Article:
1052 PM CDT Tue Aug 22 2017 Updated aviation portion for 06Z TAF issuance .SYNOPSIS... Issued at 220 PM CDT Tue Aug 22 2017 Generally quiet late-summer weather into early next week. Seasonably cool the next couple days, then temperatures close to normal. The large scale pattern will complete an amplification cycle the next couple days as a rather strong upper trough becomes established from eastern Canada into the lower Great Lakes region. Jet energy working east across Canada will cause the trough to begin weakening by late in the week. By early next week, the main westerlies will recede north into Canada, leaving just a weak remnant of the trough lingering across the forecast area. Temperatures will begin the period below normal, then rebound to near normal levels by the weekend. Rainfall will be limited with precipitation events consisting of just scattered showers. As such, amounts for the period are likely to end up below normal. && .SHORT TERM...Tonight and Wednesday Issued at 220 PM CDT Tue Aug 22 2017 The latest RAP analysis and satellite/radar imagery show upper troughing settling over the western Great Lakes early this afternoon. A widespread cu field has developed across the region, though cu has the most vertical extent over far northwest WI and northeast MN where the highest capes reside. Some of this more enhanced cu and even a few showers will move into north-central WI later this afternoon. As cold air continues to funnel across the region, forecast concerns revolve around light showers early this evening, followed by lake effect showers/drizzle late tonight. Tonight...As a secondary surge of cold air arrives from the northwest tonight, high res models continue to indicate that scattered showers will persist over north-central WI through the mid evening hours. Then attention turns to precip off western Lake Superior overnight. 1000-850mb flow veers around to the NNW direction after midnight, which is a good trajectory for showers or drizzle to move into north-central WI. Increased cloud cover some late as a result, but 10-15 kts of low level flow should not be strong enough for these clouds to move into central or east-central WI. With enough wind to prevent temps from tanking, should see lows ranging from the mid 40s north to mid 50s south. Wednesday...Broken cloud cover along with patchy drizzle/showers will likely linger into the mid-morning hours over northern WI. With day time heating, however, think mixing will cause these clouds to scatter by midday. Elsewhere, should see scattered fair weather cu develop, which will lead to a partly cloudy day for most. Highs ranging from the low 60s in the far north to mid 70s at Wautoma. .LONG TERM...Wednesday Night Through Tuesday Issued at 220 PM CDT Tue Aug 22 2017 At low-levels, a cool, dry Canadian air mass will settle across the area and linger through the weekend. Some pretty chilly nights are likely unless clouds move through during the nighttime hours. The typical cool spots across the north will probably fall into the 30s Wednesday night and Thursday night, and would not be surprised if there is some patchy frost. The anticyclone and its associated air mass will linger across the area for much of the forecast period, but moderation of the air mass should allow temperatures to rebound to near seasonal levels by the weekend. While the dry anticyclone dominates at low-levels, the forecast area will be at least brushed by some middle and upper level shortwave energy at times. That will lead to some clouds and maybe some showers. But given the limited moisture, any rains are likely to be scattered and light. Tweaked mins down in the typical cool spots Wednesday night and Thursday night, but tempered the adjustments some due to uncertainty about passing clouds. Otherwise, the standard forecast initialization grids based on a broad blend of model output seemed reasonable, so no other significant changes were necessary. && .AVIATION...for 06Z TAF Issuance Issued at 1026 PM CDT Tue Aug 22 2017 VFR conditions will rule over most of the TAF sites through the period. The one main exception will be across far north-central Wisconsin where cool north-northwest flow off Lake Superior will bring some low clouds and patchy light showers or drizzle overnight. && .GRB WATCHES/WARNINGS/ADVISORIES... NONE. && $$ SYNOPSIS.......Skowronski SHORT TERM.....MPC LONG TERM......Skowronski AVIATION.......Kurimski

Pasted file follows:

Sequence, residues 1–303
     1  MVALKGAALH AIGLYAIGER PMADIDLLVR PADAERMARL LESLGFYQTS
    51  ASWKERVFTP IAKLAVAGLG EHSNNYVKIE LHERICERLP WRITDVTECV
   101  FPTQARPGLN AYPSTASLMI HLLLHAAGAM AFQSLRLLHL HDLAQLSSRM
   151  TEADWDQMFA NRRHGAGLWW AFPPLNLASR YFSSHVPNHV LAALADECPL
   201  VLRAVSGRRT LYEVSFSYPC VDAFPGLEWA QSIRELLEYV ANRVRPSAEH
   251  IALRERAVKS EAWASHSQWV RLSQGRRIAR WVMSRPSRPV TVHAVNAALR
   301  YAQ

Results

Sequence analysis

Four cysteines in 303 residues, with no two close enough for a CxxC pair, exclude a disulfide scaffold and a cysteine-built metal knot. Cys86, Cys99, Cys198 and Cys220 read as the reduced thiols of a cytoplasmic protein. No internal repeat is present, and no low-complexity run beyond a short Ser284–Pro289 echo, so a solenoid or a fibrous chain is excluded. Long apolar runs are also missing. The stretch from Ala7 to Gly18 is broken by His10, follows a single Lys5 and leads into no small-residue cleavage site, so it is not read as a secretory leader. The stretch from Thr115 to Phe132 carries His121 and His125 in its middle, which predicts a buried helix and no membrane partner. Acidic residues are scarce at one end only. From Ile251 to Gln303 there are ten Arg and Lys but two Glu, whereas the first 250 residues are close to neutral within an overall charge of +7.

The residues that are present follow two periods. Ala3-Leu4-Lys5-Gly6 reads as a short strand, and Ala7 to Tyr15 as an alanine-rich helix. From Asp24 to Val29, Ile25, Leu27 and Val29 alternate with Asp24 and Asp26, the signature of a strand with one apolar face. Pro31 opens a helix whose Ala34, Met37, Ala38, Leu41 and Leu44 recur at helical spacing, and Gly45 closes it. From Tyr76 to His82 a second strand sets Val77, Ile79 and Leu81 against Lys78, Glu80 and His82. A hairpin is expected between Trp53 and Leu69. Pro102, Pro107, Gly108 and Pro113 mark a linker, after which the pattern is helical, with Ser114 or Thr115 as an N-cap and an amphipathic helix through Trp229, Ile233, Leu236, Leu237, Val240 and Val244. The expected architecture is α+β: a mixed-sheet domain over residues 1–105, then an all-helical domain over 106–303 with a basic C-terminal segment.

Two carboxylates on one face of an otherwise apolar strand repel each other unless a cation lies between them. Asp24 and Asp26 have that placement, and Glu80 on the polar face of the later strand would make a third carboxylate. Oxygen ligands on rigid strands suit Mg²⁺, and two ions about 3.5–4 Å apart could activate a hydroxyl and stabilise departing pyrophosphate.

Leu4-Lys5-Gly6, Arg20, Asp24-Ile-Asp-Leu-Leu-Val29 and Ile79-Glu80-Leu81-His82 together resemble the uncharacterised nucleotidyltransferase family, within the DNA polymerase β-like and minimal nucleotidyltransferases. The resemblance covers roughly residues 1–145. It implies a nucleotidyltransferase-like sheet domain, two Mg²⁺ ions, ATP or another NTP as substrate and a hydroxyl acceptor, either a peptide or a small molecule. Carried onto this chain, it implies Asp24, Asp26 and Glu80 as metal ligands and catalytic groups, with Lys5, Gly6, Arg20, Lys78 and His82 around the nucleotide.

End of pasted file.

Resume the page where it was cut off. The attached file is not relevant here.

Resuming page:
Area Forecast Discussion